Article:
This past weekend I attended a family reunion. The funny thing is - we don't call it a family reunion. We might call it a family gathering. In essence, though, for me it absolutely is a family reunion. The ever decreasing older generations of my father's side of the family gather for a wonderful weekend each year in an idyllic New England coastal town. There are twenty of us at most.
The weekend is full of trips to the beach, kayaking, watching sunsets and then it climaxes with an all-family BBQ on the deck. Perhaps it's not your typical idea of a family reunion but for us it provides time for catching up and strengthening ties. However, there is little talk of genealogy or the people who came before us.
My mother's side of the family has a completely different type of reunion. They gather inland on a farm in the Amish country an hour north of Pittsburgh, Pennsylvania once every four years. All the descendants for my grandparents generation (my grandfather and his two siblings) attend and over the years it has grown to include distant cousins by marriage. All told there are probably 40-50+ people attending from all generations.
We spend the weekend entirely on the farm except for sleeping in our hotel rooms. Activities include archery, shooting, soccer and hay rides. But similar to my Dad's family there is much talking, laughter and catching up. This side of the family is much more inclined, however, to talk about the ancestors. You'll even find people pulling out documents, old photos and sharing information.
The New England reunion takes me an hour to drive to and planning only a week in advance. The Pittsburgh reunion involves a 10 hour drive and booking hotel rooms almost a year in advance. They both have their differences but each add to my sense of who I am and where I came from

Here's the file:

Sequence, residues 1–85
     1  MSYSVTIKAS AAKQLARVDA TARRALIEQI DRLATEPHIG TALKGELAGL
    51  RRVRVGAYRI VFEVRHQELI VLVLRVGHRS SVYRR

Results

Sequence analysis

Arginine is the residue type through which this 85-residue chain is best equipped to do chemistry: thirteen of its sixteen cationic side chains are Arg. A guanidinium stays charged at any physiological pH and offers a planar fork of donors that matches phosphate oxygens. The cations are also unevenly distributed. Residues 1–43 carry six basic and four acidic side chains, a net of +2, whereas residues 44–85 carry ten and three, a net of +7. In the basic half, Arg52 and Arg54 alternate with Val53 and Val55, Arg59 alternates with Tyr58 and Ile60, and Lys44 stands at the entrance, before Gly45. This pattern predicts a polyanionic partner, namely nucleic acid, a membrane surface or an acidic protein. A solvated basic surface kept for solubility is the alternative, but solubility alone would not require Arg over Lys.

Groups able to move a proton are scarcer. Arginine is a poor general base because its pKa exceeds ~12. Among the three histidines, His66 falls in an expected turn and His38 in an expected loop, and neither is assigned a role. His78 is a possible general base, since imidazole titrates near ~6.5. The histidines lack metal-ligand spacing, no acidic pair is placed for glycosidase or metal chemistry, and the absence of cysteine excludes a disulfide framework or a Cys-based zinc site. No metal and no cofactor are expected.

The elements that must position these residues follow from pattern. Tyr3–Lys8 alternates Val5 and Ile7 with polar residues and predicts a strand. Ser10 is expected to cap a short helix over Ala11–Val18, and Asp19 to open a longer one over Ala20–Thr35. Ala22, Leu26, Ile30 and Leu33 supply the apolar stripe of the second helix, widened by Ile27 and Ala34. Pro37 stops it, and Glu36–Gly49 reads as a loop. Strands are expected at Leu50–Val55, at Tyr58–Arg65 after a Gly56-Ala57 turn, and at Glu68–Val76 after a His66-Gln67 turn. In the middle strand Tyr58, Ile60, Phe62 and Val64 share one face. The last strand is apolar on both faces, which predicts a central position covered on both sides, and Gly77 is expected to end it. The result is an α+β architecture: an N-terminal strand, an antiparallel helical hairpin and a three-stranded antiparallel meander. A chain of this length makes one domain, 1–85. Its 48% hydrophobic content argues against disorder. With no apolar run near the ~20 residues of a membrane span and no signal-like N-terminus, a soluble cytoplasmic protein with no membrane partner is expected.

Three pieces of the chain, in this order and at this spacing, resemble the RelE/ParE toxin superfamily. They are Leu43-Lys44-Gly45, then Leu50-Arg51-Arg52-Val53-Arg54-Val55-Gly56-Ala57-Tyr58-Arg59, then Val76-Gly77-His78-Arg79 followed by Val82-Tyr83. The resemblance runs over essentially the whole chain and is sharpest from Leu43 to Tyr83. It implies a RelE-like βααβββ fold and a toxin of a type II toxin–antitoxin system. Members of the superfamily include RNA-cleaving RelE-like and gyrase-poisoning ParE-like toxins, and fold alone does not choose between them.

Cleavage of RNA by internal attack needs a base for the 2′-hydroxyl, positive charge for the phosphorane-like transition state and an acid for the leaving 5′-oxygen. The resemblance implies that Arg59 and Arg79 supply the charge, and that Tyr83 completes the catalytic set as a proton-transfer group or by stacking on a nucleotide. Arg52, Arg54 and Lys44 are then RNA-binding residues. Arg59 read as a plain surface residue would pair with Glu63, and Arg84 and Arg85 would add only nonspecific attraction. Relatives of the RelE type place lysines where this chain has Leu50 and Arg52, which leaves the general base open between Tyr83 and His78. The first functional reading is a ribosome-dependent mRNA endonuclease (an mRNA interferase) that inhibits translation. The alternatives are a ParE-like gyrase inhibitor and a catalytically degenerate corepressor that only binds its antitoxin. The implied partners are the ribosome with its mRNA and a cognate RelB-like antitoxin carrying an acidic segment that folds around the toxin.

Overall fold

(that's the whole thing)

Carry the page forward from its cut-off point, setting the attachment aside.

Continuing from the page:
Geoff Rasmussen recently attended his 3-generational family reunion near Mount Hood in Oregon. He describes his family reunion this way:
"My favorite part of our reunion at Mt. Hood was the impromptu discussion and viewing of our family's pictures. I plugged my laptop into the TV to show everyone the family pictures we had just taken that day. Then one of my brothers asked to see pictures of our family when we will young. In seconds, I was able to display all of our family's group pictures from birth to the present. Because I had previously tagged all of my digital pictures in Photoshop Elements, it filtered through the 20+ thousand pictures, displayed only those with all 8 of us in the picture, and we had a wonderful trip down memory lane. The grandkids had a blast seeing what their parents, aunts, and uncles looked like."
Genealogist True Lewis' family reunion is probably a little different than most. She attends a really large family reunion every other year. This year there were over 260 people in attendance.
Her family reunion comprises the descendants of great grandfather Ike Ivery, his 3 wives and 23 children. They hold the reunion every two years, which started in 1975, switching between the North and South. They are so organized they already have locations for future reunions - Orlando in 2017 and New Jersey in 2019. To get organized they maintain a Facebook page.
As genealogists we tend to focus on the dead rather than the living. Family reunions are an important way to strengthen ties among living family members no matter what type of reunion you have. It could be as small as five people or as large as hundreds or even thousands. Whatever the size of your family try to schedule time together. Family reunions allow you to strengthen the idea that family history is an important family value. And that will help you ensure that all the research you've done will be passed down to the next generation.
Did you have a family reunion this year? What was it like? How far did you travel? And what was the highlight for you?